On February 8, 2011 I conducted a phone interview with Dr. John C. Anfinson, a former historian and cultural specialist at the National Park Service. Anfinson has been a main fixture at the NPS since 2000 and in December of 2010 he was promoted to Chief of Resource Management for the Mississippi National River and Recreation Area (MNRRA). Anfinson’s journey to his current position with the NPS was as Anfinson calls it “through the back door.”
As a way to put himself through graduate school Anfinson interned with the U.S. Army Corps of Engineers to aid with historic preservation and cultural resource review. Eventually he graduated with his PhD in American History from the University of Minnesota. Upon graduation he was offered a teaching position at South Dakota State University but instead of continuing on the academia route he instinctively chose to stay at the Corps, which had offered him a permanent position. From 1980-2000 Anfinson continued his job at the Corps as a historian with additional duties in cultural management. He explained that he made the position his own by going above and beyond the basic job requirements. His advice to those interested in going into the public history field is to do the same. He advocated pursuing and researching personal topics of interest while integrating it to benefit the organization you work for. This is of course in addition to effectively completing job tasks. He cited this strategy as the way he gradually moved up in both the Corps of Engineers and National Park Service.
During his ten year tenure at the NPS Anfinson’s interests have expanded to environmental and public history. His primary interest is the Mississippi River and has published two books, The River We Have Wrought: A History of the Upper Mississippi and River of History: A Historic Resources Study of the Mississippi National River and Recreation Area in addition to several articles. While Anfinson has responsibilities that come with his title at the NPS, he also has the autonomy to choose his own projects. This in turn enables him to go and speak at professional conferences in a variety of academic fields, all the while representing the NPS.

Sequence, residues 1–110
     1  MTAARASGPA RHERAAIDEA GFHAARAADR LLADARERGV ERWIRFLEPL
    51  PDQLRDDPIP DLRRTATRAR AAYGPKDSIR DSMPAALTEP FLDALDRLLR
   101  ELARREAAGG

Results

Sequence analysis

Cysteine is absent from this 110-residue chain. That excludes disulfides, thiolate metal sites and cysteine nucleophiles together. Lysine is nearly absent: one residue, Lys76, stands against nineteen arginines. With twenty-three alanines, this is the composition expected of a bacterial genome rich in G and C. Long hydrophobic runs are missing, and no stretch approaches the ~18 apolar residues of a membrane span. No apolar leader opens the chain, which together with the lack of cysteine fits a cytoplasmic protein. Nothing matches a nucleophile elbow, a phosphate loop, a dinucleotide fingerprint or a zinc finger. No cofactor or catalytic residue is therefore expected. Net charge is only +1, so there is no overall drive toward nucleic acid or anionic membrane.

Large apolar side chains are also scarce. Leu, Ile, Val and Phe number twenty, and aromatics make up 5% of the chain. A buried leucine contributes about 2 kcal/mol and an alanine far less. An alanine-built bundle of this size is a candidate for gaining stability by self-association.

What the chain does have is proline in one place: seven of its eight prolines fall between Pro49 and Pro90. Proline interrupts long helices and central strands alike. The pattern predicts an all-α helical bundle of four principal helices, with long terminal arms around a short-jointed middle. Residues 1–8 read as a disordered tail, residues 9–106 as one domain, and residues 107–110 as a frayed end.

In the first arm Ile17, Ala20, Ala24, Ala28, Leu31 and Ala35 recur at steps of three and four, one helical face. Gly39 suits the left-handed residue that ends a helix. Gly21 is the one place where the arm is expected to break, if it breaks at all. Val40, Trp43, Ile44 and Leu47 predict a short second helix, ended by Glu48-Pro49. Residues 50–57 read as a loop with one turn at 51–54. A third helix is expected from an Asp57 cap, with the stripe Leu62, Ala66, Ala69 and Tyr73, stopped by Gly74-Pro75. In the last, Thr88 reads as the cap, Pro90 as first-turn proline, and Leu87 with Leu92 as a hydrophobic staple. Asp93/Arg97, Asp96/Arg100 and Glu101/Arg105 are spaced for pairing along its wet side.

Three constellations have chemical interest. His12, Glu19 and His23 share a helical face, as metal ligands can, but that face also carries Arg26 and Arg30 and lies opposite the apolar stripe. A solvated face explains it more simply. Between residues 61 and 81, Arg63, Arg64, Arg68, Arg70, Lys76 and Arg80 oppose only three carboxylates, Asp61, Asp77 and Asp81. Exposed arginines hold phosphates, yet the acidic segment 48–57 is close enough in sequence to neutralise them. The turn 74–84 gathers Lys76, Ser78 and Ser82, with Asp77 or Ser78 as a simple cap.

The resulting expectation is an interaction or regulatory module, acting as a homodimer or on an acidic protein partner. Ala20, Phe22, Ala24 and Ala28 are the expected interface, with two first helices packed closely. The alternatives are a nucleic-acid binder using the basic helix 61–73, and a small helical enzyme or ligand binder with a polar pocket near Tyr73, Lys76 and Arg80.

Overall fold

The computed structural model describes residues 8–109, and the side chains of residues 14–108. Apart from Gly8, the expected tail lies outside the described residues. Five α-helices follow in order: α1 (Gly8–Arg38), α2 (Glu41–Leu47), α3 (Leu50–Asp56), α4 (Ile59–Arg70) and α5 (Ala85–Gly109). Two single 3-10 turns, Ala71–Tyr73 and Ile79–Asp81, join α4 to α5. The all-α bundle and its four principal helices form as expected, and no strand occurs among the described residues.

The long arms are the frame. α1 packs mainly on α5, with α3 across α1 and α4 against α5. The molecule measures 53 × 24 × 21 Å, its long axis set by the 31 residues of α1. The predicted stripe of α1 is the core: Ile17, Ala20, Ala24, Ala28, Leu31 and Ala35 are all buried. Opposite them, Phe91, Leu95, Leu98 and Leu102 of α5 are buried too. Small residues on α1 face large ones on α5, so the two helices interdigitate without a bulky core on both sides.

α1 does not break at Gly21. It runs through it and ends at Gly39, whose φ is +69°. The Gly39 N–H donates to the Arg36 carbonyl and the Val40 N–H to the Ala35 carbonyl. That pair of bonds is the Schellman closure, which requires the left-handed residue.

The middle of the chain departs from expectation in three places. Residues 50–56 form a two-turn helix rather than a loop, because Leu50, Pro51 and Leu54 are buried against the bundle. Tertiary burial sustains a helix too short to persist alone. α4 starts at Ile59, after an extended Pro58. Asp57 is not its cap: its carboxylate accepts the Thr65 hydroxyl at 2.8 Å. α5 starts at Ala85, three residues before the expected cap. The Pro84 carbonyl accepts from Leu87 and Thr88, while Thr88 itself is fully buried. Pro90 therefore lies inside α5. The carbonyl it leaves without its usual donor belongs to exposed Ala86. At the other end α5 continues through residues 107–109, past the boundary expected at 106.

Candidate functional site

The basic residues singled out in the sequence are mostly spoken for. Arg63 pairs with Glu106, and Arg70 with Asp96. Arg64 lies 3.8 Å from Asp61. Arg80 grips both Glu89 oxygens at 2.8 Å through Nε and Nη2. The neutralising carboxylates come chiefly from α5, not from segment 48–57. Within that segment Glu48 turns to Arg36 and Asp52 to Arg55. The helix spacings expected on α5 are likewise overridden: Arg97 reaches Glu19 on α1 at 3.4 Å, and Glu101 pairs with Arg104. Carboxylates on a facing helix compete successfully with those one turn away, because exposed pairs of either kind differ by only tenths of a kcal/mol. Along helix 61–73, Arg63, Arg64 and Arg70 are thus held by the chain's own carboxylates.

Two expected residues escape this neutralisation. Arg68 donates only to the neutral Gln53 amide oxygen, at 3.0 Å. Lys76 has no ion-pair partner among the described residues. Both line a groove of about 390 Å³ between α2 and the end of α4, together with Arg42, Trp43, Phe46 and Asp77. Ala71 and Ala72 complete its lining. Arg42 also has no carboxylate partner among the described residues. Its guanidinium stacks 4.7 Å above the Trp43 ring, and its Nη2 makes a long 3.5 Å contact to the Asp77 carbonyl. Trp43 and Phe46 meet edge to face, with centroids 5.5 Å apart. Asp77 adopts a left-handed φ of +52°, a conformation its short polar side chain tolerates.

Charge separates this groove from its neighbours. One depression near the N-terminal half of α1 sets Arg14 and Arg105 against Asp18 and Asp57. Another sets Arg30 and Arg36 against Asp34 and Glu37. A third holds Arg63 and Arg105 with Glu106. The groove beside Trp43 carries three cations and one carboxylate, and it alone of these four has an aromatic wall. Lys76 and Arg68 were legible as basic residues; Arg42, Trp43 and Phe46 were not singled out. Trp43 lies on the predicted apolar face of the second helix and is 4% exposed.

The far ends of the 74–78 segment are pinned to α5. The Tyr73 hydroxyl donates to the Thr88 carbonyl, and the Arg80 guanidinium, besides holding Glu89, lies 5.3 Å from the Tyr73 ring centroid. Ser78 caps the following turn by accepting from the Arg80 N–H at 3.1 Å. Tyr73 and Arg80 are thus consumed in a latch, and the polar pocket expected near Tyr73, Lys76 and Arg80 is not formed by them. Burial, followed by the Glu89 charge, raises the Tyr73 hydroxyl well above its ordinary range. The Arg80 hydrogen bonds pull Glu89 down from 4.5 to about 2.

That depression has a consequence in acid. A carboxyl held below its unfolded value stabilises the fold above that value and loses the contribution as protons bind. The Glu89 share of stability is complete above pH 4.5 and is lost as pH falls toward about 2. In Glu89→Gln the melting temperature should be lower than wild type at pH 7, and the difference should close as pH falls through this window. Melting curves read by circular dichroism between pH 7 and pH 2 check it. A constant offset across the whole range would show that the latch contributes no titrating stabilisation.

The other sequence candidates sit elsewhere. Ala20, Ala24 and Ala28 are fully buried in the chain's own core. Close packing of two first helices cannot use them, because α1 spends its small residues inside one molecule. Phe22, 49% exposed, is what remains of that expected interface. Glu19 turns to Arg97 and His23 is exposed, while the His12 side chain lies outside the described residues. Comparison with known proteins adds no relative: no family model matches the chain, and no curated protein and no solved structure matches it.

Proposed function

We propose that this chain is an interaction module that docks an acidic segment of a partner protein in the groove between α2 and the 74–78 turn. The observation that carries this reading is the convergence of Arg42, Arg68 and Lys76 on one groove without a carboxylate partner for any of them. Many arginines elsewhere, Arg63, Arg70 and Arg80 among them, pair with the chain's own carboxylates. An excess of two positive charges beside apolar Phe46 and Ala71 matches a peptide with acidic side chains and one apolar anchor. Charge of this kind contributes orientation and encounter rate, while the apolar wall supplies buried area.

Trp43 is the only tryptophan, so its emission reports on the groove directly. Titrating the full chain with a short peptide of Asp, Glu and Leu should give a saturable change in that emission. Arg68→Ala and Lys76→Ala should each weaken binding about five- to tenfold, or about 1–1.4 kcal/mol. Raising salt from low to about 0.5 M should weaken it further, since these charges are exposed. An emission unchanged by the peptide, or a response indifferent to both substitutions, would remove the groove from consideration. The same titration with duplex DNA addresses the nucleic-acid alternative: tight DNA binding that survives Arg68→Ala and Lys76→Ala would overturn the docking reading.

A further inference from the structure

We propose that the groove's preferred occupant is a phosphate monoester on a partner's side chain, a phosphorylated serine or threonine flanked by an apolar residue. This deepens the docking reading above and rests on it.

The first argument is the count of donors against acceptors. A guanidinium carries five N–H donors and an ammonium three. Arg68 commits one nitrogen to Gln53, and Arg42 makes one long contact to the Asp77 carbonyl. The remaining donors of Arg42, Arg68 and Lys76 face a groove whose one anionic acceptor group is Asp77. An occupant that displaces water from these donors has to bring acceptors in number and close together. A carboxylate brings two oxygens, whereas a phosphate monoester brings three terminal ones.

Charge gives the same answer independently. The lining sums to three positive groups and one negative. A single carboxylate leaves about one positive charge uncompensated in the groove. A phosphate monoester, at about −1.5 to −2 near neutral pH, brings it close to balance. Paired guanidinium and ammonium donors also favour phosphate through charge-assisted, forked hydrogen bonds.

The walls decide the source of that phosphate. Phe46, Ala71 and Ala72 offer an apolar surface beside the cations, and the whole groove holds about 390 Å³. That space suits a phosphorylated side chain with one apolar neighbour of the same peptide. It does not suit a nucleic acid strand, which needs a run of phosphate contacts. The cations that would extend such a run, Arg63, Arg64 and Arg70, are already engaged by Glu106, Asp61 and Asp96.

With a depressed job market Dr. Anfinson suggested those interested in entering the NPS as a historian have at least a Masters degree. Competition for historian positions in the NPS are fierce for those holding Masters and PhDs. Anfinson explained there are several characteristics and qualities that are preferred when looking at job candidates, however three are of the upmost importance. One of these attributes is a competitive edge. The NPS might look for someone possessing an athletic background or participation in some other form of contest that requires tenacity. A second he mentioned was experience, either through a job, internship or volunteerism. Superior grades alone don’t make the cut anymore. Lastly, Anfinson discussed if he were to hire a National Park historian he would specifically look for those candidates who are verse in people skills. The ability to communicate in the workplace with colleagues and in the field with the general public is imperative.
Dr. Anfinson ended the interview with voicing the immense gratification that comes with his work. Last year the National Park Service helped put seven thousand school kids, a majority from the inner city from the Twin Cities, in canoes on the Mississippi River. The program provided education to the children about the history of the river, water quality, and most importantly instilled in them the belief that they are a part of nature, not separate from it.
It seems working for the National Park Service provides the opportunity to straddle two distinct worlds. On one hand it presents the opportunity to continue to research and publish, and on the other it makes available the ability to interact and educate the public in a variety of ways, including on canoes.